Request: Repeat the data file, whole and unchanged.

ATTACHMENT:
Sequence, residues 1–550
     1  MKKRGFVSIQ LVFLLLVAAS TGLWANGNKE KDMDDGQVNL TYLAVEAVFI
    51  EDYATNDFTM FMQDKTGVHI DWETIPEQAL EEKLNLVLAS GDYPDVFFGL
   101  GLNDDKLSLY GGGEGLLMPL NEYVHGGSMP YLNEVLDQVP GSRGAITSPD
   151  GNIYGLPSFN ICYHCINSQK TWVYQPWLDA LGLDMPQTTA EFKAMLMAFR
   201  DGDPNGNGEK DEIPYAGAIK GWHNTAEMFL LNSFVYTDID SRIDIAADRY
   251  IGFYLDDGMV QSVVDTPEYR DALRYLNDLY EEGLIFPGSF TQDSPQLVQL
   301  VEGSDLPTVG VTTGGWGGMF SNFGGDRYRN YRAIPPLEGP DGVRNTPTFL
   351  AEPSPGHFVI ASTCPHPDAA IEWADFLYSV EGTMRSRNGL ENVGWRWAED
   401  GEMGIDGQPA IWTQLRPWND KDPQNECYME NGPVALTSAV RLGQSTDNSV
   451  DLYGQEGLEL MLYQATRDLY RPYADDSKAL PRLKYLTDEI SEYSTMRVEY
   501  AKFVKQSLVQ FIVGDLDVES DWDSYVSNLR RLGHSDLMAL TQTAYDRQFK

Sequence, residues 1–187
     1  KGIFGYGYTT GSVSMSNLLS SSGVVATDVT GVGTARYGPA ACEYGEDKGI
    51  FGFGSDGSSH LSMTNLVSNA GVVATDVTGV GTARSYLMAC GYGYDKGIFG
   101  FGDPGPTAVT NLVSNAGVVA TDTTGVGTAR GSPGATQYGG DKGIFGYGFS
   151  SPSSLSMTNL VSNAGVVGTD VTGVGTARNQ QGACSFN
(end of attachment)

Sequence, residues 1–550
     1  MKKRGFVSIQ LVFLLLVAAS TGLWANGNKE KDMDDGQVNL TYLAVEAVFI
    51  EDYATNDFTM FMQDKTGVHI DWETIPEQAL EEKLNLVLAS GDYPDVFFGL
   101  GLNDDKLSLY GGGEGLLMPL NEYVHGGSMP YLNEVLDQVP GSRGAITSPD
   151  GNIYGLPSFN ICYHCINSQK TWVYQPWLDA LGLDMPQTTA EFKAMLMAFR
   201  DGDPNGNGEK DEIPYAGAIK GWHNTAEMFL LNSFVYTDID SRIDIAADRY
   251  IGFYLDDGMV QSVVDTPEYR DALRYLNDLY EEGLIFPGSF TQDSPQLVQL
   301  VEGSDLPTVG VTTGGWGGMF SNFGGDRYRN YRAIPPLEGP DGVRNTPTFL
   351  AEPSPGHFVI ASTCPHPDAA IEWADFLYSV EGTMRSRNGL ENVGWRWAED
   401  GEMGIDGQPA IWTQLRPWND KDPQNECYME NGPVALTSAV RLGQSTDNSV
   451  DLYGQEGLEL MLYQATRDLY RPYADDSKAL PRLKYLTDEI SEYSTMRVEY
   501  AKFVKQSLVQ FIVGDLDVES DWDSYVSNLR RLGHSDLMAL TQTAYDRQFK

Sequence, residues 1–187
     1  KGIFGYGYTT GSVSMSNLLS SSGVVATDVT GVGTARYGPA ACEYGEDKGI
    51  FGFGSDGSSH LSMTNLVSNA GVVATDVTGV GTARSYLMAC GYGYDKGIFG
   101  FGDPGPTAVT NLVSNAGVVA TDTTGVGTAR GSPGATQYGG DKGIFGYGFS
   151  SPSSLSMTNL VSNAGVVGTD VTGVGTARNQ QGACSFN